September 28, 2001


Drought and Flood Plague Iran's Rice Crop


A third consecutive year of drought has severely affected Iran’s rice-producing regions. Area planted was reduced as irrigation water was diverted to urban areas. As the crop was approaching maturity in mid-August, torrential rains seriously damaged a quarter of all rice area. Milled rice production for 2001/02 MY is estimated at 1.1 million metric tons, down 5 percent from last year and down 27 percent from the five-year average of 1996-2000. Harvesting of the 2001/02 crop begins this month.

Iran's rice production has been down for the past three years, as a shortage of irrigation water reduced planted area. This year's drought affected 20 of 28 provinces in Iran, with the southern, southeastern, central, and eastern parts of the country being most severely affected. Currently, water is being rationed in most major cities, including the capital, Tehran. Some rural areas are receiving water via tankers. Large amounts of irrigation water have been diverted to offset drinking water shortages. Last year’s drought damaged 25 percent of the rice cultivated areas. A similar situation occurred this year, with cumulative rainfall mirroring last year's poor rainfall in Gilan and Mazandaran provinces.

In addition to a nationwide drought, heavy torrential rains during August 10-13, 2001 triggered devastating floods that damaged rice, cotton, and wheat producing areas of Golestan and Khorasan. The unusual storm system hit the northern provinces of Iran, with Golestan being hardest hit. These floods damaged thousands of hectares of farmland in Iran; claimed hundreds of lives; and washed away roads and houses, causing millions of dollars in damage.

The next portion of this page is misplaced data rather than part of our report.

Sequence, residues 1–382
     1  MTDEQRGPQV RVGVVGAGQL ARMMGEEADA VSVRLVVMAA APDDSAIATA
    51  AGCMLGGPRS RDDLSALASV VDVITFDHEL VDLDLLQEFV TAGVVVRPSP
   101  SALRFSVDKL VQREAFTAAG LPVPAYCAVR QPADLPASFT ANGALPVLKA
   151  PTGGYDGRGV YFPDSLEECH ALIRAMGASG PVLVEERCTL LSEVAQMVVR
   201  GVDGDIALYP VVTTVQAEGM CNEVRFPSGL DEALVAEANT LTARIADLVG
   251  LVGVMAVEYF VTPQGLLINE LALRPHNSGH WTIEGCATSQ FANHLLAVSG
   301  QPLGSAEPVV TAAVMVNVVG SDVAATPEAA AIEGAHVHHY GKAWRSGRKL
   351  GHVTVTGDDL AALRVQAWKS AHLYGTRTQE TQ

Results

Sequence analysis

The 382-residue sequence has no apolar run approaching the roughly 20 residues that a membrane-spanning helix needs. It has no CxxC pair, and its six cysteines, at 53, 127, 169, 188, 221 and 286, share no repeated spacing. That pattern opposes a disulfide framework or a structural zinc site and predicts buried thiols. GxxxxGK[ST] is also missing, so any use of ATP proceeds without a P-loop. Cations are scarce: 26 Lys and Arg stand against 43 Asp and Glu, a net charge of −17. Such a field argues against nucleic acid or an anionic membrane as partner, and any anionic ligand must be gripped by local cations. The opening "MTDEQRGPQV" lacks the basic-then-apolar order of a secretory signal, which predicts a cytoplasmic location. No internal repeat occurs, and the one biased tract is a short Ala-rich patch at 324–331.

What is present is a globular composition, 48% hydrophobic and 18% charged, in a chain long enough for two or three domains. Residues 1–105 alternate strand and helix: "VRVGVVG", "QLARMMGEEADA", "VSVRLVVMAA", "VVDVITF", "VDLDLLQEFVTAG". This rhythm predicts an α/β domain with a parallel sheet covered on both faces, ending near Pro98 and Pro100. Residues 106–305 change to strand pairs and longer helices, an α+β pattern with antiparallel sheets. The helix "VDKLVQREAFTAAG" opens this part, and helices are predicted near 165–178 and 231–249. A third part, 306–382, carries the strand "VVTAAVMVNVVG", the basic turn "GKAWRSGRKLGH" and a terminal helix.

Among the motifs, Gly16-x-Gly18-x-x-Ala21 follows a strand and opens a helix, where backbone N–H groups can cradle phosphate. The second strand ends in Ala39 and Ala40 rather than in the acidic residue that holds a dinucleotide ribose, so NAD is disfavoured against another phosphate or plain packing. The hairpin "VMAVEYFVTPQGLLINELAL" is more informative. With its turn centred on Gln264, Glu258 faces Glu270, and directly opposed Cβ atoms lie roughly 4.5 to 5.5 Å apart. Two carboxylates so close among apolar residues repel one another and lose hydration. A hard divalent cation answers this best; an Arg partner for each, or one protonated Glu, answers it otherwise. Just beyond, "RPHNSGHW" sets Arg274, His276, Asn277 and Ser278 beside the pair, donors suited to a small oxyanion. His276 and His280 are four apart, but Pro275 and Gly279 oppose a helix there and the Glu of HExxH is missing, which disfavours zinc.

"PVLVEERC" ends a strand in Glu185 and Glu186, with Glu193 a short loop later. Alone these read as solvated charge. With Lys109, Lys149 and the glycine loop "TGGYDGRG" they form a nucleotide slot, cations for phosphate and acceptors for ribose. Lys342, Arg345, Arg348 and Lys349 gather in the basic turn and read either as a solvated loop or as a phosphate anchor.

Rice Area Profile

The main areas of rice cultivation in Iran are Mazandaran and Gilan provinces (which produce 80 to 85 percent of the country's rice), with Golestan (Gorgon/Gonbad), Khuzestan, Esfahan, Khorasan, and Zanjan provinces also producing cotton (Figure 1). Iranian rice is long grain, and is generally grown under irrigation in lowland areas. The wet Caspian lowlands in the northern provinces of Gilan and Mazandaran are the primary growing areas, where heavy rainfall typically facilitates paddy cultivation in this sub-tropical, humid region.

Figure 1. Rice Producing Provinces in Iran

Rice season in Gilan and Mazandaran begins in May and the planting period lasts slightly more than 6 weeks. Harvest is from September to October, with some areas harvesting in late October due to cooler weather and less rainfall. Iran's average area under rice cultivation is over 500,000 hectare and average output is 4 tons/hectare. (Figure 2). Yield for traditional rice varieties is 2-4 tons/hectare, but output of high yield varieties is 5-7 tons/hectare. High-yield rice varieties are grown primarily in Gilan, Mazandaran, and Khuzestan provinces.

One of the main problems of rice cultivation and production is the lack of water resources, especially during periods of low rainfall. Irrigation dominates water use in Iran, and surface water storage has been increased by construction of numerous multi-purpose dams and reservoirs along rivers flowing from the Zagos and Elburz mountains. Iran’s major rice producing region within Gilan and Mazandaran provinces is located between the Elburz mountains and the Caspian Sea.

Rice is the second main food consumed in Iran, with wheat being the main staple for most of the population. Bread is the most important single item in the Iranian diet, except in certain parts of the Caspian lowlands. In general, rice consumption in Iran dates back more than 25 centuries, and has risen with increased incomes. The urban areas in Iran largely consume imported rice, making Iran a major importer of rice. Iran imports most of its rice from Thailand, Pakistan, Vietnam, Uruguay, and India, with the majority coming from Thailand.

Figure 2. Rice Production, Harvested Area, and Yield Trends for Iran